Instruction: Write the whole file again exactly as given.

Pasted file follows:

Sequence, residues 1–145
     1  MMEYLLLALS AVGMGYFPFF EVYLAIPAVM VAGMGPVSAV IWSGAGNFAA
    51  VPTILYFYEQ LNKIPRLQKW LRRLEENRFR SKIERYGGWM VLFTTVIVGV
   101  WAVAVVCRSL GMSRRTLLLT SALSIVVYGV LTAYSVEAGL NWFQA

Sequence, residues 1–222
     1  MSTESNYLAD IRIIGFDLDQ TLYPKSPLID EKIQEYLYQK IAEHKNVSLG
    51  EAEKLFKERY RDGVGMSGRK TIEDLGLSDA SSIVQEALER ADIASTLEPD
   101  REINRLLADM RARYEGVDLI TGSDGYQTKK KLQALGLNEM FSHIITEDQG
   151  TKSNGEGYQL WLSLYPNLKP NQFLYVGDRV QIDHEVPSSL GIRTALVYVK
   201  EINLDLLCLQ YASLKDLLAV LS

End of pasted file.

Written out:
Sequence, residues 1–145
     1  MMEYLLLALS AVGMGYFPFF EVYLAIPAVM VAGMGPVSAV IWSGAGNFAA
    51  VPTILYFYEQ LNKIPRLQKW LRRLEENRFR SKIERYGGWM VLFTTVIVGV
   101  WAVAVVCRSL GMSRRTLLLT SALSIVVYGV LTAYSVEAGL NWFQA

Sequence, residues 1–222
     1  MSTESNYLAD IRIIGFDLDQ TLYPKSPLID EKIQEYLYQK IAEHKNVSLG
    51  EAEKLFKERY RDGVGMSGRK TIEDLGLSDA SSIVQEALER ADIASTLEPD
   101  REINRLLADM RARYEGVDLI TGSDGYQTKK KLQALGLNEM FSHIITEDQG
   151  TKSNGEGYQL WLSLYPNLKP NQFLYVGDRV QIDHEVPSSL GIRTALVYVK
   201  EINLDLLCLQ YASLKDLLAV LS